fbpx

A password will be e-mailed to you.

Illustration by Chris Whetzel. For years, Wisconsin was a national leader in third- and fourth-grade reading scores. The state’s high-water mark came in 1994, when Wisconsin placed third in the country in a ranking by the National Assessment of Educational Progress, and effectively plateaued. By 2011, our growth had slipped below 35 other states and jurisdictions […]


Illustration by Chris Whetzel.

For years, Wisconsin was a national leader in third- and fourth-grade reading scores. The state’s high-water mark came in 1994, when Wisconsin placed third in the country in a ranking by the National Assessment of Educational Progress, and effectively plateaued. By 2011, our growth had slipped below 35 other states and jurisdictions – dropping its score to the middle of the pack.

In the spring of that year, Republican Gov. Scott Walker introduced what he called a “comprehensive effort” to reverse the trend: Read to Lead, a special task force directed by a nonpartisan group of teachers, legislators, experts and advocates. In many ways, the group has served as a focal point for state-led attempts at education reform, and its recommendation of a new statewide, standardized assessment system for teacher performance was rolled out this fall. Walker’s first term, more than anything, was noted for its strife with teachers unions, but Read to Lead and the new assessment metrics, the Wisconsin Educator Effectiveness System (developed by the state Department of Public Instruction), have enjoyed widespread support, even from the instructors it’s most affecting. That’s according to Melanie Agnew, a professor of education at the University of Wisconsin-Whitewater and president of the Wisconsin Association of Colleges of Teacher Education. DPI avoided controversy partly by leaving it up to individual districts to decide whether they wanted to tie WEES assessments, which take into account student performance, to teacher promotions and salaries.

The task force’s other recommendations are myriad and include improved screening of student progress in reading, increased family involvement, and implementing more programs aimed squarely at early-childhood literacy – and these lesser-known goals haven’t taken off in the same way as WEES. “The task force has seen a lot of pushback from districts,” says member Tony Pedriana, a retired Milwaukee Public Schools principal and author of Leaving Johnny Behind: Overcoming Barriers to Literacy, a book that promotes a more regimented approach to reading education. “We just keep going on about our merry way, not changing the curriculum to match what the data is telling us. These kids are getting the short end of the stick, and it’s disheartening.”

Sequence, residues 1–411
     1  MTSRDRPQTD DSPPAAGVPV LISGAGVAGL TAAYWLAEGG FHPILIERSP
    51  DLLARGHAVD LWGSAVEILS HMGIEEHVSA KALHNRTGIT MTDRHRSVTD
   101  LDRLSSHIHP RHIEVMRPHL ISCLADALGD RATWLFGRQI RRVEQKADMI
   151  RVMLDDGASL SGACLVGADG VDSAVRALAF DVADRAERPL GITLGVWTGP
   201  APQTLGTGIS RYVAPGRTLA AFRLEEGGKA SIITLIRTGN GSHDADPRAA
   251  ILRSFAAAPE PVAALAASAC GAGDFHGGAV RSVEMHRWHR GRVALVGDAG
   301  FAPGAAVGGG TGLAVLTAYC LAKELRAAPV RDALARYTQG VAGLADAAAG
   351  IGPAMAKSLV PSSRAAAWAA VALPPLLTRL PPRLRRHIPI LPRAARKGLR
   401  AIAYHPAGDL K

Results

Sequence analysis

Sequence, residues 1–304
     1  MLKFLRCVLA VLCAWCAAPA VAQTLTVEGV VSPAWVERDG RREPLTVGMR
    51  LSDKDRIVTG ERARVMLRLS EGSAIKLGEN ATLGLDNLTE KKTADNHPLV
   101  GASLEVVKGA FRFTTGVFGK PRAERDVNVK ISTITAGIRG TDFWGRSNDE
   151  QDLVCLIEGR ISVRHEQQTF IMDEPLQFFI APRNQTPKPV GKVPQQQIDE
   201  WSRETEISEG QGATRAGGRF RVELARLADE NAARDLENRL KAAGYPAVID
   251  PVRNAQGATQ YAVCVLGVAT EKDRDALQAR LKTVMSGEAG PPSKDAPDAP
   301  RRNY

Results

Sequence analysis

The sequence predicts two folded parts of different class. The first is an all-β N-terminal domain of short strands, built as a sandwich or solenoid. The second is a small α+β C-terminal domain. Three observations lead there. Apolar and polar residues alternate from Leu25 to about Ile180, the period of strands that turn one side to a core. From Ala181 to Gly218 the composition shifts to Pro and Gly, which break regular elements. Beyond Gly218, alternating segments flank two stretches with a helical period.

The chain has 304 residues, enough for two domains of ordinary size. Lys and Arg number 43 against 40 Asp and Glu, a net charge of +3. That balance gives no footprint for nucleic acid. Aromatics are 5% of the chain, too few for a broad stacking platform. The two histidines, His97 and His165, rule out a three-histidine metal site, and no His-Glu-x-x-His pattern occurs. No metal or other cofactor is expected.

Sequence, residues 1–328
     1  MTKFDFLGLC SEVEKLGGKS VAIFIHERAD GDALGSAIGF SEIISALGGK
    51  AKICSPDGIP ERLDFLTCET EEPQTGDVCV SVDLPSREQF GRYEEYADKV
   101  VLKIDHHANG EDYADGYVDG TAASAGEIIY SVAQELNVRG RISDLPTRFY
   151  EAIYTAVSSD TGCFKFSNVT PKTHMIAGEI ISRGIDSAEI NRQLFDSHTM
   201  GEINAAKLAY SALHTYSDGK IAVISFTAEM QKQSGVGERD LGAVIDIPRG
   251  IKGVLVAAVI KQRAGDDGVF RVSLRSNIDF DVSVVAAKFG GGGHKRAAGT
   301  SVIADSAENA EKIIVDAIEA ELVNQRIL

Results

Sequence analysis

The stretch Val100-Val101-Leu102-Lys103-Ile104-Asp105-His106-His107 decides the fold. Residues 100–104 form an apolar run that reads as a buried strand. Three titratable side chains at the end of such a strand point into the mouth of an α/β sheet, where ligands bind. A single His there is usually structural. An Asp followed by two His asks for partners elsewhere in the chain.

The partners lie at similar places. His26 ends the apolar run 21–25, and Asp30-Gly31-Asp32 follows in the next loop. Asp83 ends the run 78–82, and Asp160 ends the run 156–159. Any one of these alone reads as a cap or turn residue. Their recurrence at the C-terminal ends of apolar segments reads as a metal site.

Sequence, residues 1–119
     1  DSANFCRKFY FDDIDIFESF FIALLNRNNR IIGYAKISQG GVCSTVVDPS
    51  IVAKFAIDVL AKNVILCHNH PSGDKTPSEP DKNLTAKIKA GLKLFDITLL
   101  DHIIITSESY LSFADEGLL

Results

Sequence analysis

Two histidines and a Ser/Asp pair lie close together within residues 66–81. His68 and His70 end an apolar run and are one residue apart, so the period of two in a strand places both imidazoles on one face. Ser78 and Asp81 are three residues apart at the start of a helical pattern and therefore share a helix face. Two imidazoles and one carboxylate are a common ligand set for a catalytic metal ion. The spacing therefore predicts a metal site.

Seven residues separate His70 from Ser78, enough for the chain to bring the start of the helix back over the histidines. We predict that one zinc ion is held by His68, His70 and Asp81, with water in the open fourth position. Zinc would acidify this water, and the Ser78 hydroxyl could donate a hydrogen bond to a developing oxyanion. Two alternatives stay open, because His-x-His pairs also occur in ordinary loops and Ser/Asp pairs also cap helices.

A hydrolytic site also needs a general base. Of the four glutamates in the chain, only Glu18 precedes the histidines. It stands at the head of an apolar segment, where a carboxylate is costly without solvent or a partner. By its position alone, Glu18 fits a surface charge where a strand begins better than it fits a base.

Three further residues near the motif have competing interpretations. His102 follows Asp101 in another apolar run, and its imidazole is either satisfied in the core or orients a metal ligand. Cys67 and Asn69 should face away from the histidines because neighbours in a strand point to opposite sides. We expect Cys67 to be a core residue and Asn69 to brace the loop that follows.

Reading scores have changed little in the state since Read to Lead issued its recommendations. A change in how the state’s standardized WKCE exams are scored, effective with the 2012-13 school year, further complicates the picture. Between that year and 2013-14, third-grade reading scores at MPS actually dropped from 16.2 percent proficiency to 15.4 percent, and proficiency among fourth-graders rose less than 2 percent. While running for governor, in April, Walker claimed that third-grade reading scores in Wisconsin had risen under his leadership, and PolitiFact rated this assertion “mostly true,” since the statewide average had improved by less than 1 percent over four years.

RELATED  Behind Sheriff Clarke's on-and-off Homeland Security Post

This summer, the state awarded the first half of $400,000 in grant money set aside for Read to Lead, and most of the dollars went to early- and family-literacy programs in northern and central Wisconsin. Task force member Michele Erikson, the executive director of a literacy coalition called Wisconsin Literacy Inc., says the situation up north, while different than that at MPS, is “just as grave.”

A charter school, Central City Cyberschool, received the only grant given to a school in Milwaukee, $40,516 for training and “for students to build at-home libraries.” The hope here, like at all schools, is to prepare kids for a lifetime of reading to learn, as opposed to learning to read.

Comments

comments